Family health

Rejecting safety rules

Why kids ditch safety equipment when out of parents' sight.

By Holly Bennett
Rejecting safety rules

Like many adults, my husband, John, was inconsistent about wearing a bike helmet. And so were our kids, once they hit “a certain age.” Their friends didn’t wear them anymore. They didn’t want to lug them around at school. They couldn’t be bothered. And, to be honest, we slacked off about enforcing the helmet rule.

Then John had a little run-in with a car whose driver carefully checked for oncoming vehicles, but didn’t notice the oncoming bicycle. John was lucky — he had no serious injuries. But he came out of the collision with a bunch of stitches in the back of his head and a new respect for helmets.

“Now when I drive past a kid riding bare-headed, I want to roll down the window and yell, ‘Wear your helmet!’” he confesses. He settled for giving our own kids a really good look at his bloody, stitched-up head and pointing out how easily he could have fractured his skull.

Setting an example

Setting an example with safety equipment is really key once kids are past the age of constant parental supervision, says Tracey Warren, national director of Child Safe Canada. “I consistently see parents riding without their helmets. They have all their little kids in helmets and they’re caring so well for them, making sure they’re safe, and yet I’m thinking, ‘You’re only protecting them for the next three years.’ If those kids see their parents without helmets when they are little, then as soon as they’re about 10, they are likely to ditch them. That’s when you’ll see the kids riding down the road with a helmet clipped around the handlebar.”

Life jackets or personal flotation devices (PFDs) are another classic example. Many adults religiously zip up their children, but neglect to wear a PFD themselves. “Parents will say, ‘But I’m a good swimmer,’” says Warren. “Well, I’m a swim instructor and lifeguard, and you know what? Everybody drowns the same. If you fall and hit your head, you’ll drown the same as a four-year-old.”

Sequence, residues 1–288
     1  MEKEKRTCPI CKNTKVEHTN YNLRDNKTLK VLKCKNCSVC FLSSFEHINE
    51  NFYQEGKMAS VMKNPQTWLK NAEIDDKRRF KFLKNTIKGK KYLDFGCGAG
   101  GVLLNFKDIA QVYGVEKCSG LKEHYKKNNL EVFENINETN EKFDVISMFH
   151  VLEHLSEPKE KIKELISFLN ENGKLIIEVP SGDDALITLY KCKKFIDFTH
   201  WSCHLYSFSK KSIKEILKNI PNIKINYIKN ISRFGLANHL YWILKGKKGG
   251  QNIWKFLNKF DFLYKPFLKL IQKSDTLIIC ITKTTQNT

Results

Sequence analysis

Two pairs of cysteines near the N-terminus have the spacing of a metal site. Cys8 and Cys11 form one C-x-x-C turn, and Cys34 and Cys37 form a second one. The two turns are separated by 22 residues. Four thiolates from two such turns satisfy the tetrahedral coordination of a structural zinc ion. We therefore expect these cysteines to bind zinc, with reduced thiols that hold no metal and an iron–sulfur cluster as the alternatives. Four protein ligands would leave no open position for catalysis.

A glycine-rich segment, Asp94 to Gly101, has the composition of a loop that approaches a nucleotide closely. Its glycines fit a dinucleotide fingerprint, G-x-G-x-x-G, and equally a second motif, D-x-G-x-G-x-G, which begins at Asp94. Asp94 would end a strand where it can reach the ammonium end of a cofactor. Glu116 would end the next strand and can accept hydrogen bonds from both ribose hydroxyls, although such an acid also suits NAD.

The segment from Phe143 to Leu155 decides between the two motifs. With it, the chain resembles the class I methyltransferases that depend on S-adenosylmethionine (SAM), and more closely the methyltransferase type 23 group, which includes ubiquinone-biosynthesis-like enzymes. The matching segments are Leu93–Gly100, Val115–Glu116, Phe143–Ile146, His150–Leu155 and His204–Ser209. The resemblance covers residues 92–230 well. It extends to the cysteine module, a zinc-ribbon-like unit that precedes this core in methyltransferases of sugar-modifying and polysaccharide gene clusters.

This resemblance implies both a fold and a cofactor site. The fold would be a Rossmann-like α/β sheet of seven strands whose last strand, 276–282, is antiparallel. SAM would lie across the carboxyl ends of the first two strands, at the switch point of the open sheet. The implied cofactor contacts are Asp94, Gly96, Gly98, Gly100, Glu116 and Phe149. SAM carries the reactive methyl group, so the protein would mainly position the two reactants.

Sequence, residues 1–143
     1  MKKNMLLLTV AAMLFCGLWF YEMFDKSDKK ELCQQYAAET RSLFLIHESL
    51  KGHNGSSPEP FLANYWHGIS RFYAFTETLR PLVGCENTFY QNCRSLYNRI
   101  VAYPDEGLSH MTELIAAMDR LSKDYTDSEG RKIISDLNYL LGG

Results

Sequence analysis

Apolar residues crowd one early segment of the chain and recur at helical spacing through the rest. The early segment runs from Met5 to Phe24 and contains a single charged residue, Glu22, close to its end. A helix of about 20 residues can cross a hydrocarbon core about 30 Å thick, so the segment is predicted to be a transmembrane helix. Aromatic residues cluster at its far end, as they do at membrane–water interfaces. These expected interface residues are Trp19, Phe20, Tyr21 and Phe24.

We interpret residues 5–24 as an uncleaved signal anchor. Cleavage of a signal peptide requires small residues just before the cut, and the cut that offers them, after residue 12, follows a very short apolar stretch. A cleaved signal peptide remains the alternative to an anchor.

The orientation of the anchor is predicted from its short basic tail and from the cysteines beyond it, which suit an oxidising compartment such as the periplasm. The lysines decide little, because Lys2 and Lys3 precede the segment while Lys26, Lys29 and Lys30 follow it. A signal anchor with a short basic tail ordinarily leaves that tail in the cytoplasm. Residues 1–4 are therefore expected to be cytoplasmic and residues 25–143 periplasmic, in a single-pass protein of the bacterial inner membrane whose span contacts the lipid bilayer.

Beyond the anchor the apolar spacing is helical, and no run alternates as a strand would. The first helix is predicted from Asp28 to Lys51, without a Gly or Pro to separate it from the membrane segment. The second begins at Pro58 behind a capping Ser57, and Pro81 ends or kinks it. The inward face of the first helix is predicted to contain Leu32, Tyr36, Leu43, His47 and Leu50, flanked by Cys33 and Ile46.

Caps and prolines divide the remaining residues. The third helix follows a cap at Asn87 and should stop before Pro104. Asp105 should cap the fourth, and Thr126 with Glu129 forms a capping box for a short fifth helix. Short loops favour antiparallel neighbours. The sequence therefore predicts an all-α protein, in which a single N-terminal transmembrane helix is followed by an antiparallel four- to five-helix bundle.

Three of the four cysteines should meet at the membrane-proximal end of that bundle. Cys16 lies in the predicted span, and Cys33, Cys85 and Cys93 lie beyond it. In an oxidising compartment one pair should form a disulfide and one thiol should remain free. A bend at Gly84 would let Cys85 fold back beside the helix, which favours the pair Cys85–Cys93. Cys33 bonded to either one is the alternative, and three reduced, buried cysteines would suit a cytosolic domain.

Suzanne Robillard, spokesperson for the Canada Safety Council, agrees that parental example is critical. She also acknowledges that it’s not always enough: “My husband took my son to the local hockey rink and said, ‘Of course you’ll wear your helmet,’ but honestly there wasn’t another kid wearing one. That’s really difficult.”

Encouraging equipment use

She has a few ideas to encourage equipment use:

• Buy cool safety equipment. Let your child choose the colour and style, and make sure it fits properly and comfortably.

• Educate your kids about the consequences of a serious skull injury, and why it’s so important to protect the brain. Share relevant news items — every summer there are boating accidents in which adults drown.

• Tell them they’re at the front edge of a social trend. Kids may not be aware that not so long ago, even NHL goalies didn’t wear helmets (and most hockey players were missing several teeth), or that families cruised down the highway without seat belts. That seems crazy now — and so, pretty soon, will biking, skiing or skateboarding unprotected.

• Take the trouble to check. No, you can’t control whether they take their equipment off once they’re out of sight. But you can check that they’re wearing it when they leave. “In the end, it’s a non-negotiable rule to use the safety equipment,” says Robillard.

Why it matters

• “Eighty-five percent of all serious head injuries from bike falls could have been prevented by wearing a helmet,” says Suzanne Robillard of the Canada Safety Council. “In a cycling fall, the forehead usually hits the ground first. This could cause brain damage or death.”

• Bike helmets for kids under 17 are the law in five provinces in Canada. This legislation resulted in a 45 percent drop in bike-related head injuries in kids.

• From 1996 to 2000 in Canada, 85 percent of those who died while boating were not wearing personal flotation devices.

This article was originally published on Jun 09, 2008

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